Elspeth Huxley was the major commentator on Kenyan affairs for the British public
from the publication of While Man's Country: Lord Delamere and the Making of
Kenya in 1935 to that of Nine Faces of Kenya in 1990. Christine Nicholls' biography
gives a full picture of this outstanding woman, of wide interests and unbounding energy.
The bibliography lists forty-eight books that she wrote, besides innumerable articles,
radio scripts and live broadcasts. It was her ability to write with such fluency, providing
vivid descriptions of people and places, and also with a wry sense of humour, that made
her work so appealing. Her radio broadcasts, especially on the BBC's The Critics from
1950 to 1961, made her well known in Britain, while her semi-fictional accounts of her
childhood in the settler community of Kenya before and after World War I, The Flame Trees of Thika (1959) and The Mottled Lizzard (1962), were widely read - especially after
they were filmed for television in 1981.
However, it was her knowledge and judgement of African, primarily Kenyan, affairs
that were her chief claim to fame. She left Kenya in 1924 to study agriculture at Reading
University and, having married Gervas Huxley in 1931, did not live in Africa again. But
she visited almost every year except during the war when she worked for the BBC and at
the Colonial Office. These visits had the dual aims of research and to stay with and assist
her parents, Jos and Nellie Grant, farming near Njoro. The success of the biography of
Lord Delamere, which expanded to two volumes giving the history of white settlement in
Kenya, decided Elspeth to make her living by writing. The novel, Red Strangers (1939),
attempted to understand the African reaction to British rule and settlement, and during the
war Elspeth engaged in a correspondence with Margery Perham, published as Race and Politics in Kenya (1944), in which she supported a devolution of responsibility to settlers,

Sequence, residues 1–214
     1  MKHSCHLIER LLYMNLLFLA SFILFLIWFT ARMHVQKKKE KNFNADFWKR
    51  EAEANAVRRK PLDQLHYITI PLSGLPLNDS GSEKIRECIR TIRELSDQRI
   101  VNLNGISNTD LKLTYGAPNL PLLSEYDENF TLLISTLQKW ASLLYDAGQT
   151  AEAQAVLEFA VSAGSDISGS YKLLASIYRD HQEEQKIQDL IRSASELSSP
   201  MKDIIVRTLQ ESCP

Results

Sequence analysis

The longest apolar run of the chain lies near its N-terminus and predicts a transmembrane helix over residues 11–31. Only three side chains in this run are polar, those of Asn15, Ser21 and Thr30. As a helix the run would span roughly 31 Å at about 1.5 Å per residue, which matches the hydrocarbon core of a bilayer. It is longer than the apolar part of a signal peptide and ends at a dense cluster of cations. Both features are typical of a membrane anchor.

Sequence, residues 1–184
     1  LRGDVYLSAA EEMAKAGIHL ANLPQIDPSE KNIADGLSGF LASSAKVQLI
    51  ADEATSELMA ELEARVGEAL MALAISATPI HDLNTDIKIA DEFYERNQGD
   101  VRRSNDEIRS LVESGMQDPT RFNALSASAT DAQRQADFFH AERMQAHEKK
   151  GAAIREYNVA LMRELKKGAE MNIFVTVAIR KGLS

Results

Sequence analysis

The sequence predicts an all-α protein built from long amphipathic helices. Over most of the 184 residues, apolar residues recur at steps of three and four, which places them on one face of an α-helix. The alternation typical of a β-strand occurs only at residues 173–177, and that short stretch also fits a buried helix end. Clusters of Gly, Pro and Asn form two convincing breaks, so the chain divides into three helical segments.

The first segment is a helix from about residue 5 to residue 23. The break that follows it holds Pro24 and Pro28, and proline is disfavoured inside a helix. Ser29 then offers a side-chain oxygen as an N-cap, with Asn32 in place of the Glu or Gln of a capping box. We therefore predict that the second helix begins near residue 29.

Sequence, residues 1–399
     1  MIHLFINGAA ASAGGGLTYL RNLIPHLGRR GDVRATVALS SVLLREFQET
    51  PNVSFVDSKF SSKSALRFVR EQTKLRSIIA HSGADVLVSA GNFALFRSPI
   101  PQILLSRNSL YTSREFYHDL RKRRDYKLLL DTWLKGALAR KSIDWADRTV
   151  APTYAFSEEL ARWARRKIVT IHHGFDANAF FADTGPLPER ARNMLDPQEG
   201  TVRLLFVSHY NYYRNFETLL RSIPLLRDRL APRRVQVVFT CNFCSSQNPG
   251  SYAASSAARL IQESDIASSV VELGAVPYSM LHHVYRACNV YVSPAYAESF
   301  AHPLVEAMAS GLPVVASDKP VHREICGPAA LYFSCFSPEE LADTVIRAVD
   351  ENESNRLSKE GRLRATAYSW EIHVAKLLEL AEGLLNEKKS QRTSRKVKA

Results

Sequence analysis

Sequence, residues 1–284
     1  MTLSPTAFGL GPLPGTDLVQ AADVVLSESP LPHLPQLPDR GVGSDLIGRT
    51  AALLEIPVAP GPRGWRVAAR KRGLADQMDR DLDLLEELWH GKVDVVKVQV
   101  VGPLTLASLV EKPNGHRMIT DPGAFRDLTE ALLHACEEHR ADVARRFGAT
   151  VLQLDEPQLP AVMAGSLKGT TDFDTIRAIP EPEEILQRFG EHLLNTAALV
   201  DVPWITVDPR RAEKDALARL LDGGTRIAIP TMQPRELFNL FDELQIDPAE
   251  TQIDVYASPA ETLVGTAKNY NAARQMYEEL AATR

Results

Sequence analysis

while Perham argued for continuing Colonial Office control to safeguard the interests of
Africans. Both agreed that there had been lack of clear British policy in Kenya, and that
more rapid progress should be made to train Africans for self-government.
Elspeth's visits to Kenya after the war resulted in an official report on reading matter
for Africans, which led to the establishment of the East Africa Literature Bureau in 1948,
and a major account of contemporary East Africa, The Sorcerer's Apprentice (1948) -
which was viewed by Kenya settlers, who had previously considered her their champion,
as dangerously radical. Her travelogue of West Africa, Four Guineas (1954), described
emerging African nationalism and the problems of the path to independence. In 1960 she
served on the Monckton Commission on the future of the Central African Federation.
After the Mau Mau uprising she wrote two major books, A New Earth (1960) and Forks and Hope (1964). Of the latter, Nicholls comments on '.... its intelligent analysis. Again,
the penetrating eye and poet's pen had been put to good use, to create a contemporary
commentary which reads beautifully.' (p344).
This is a comprehensive work which bring to life a most stimulating
character, but also the history of Kenya during British rule.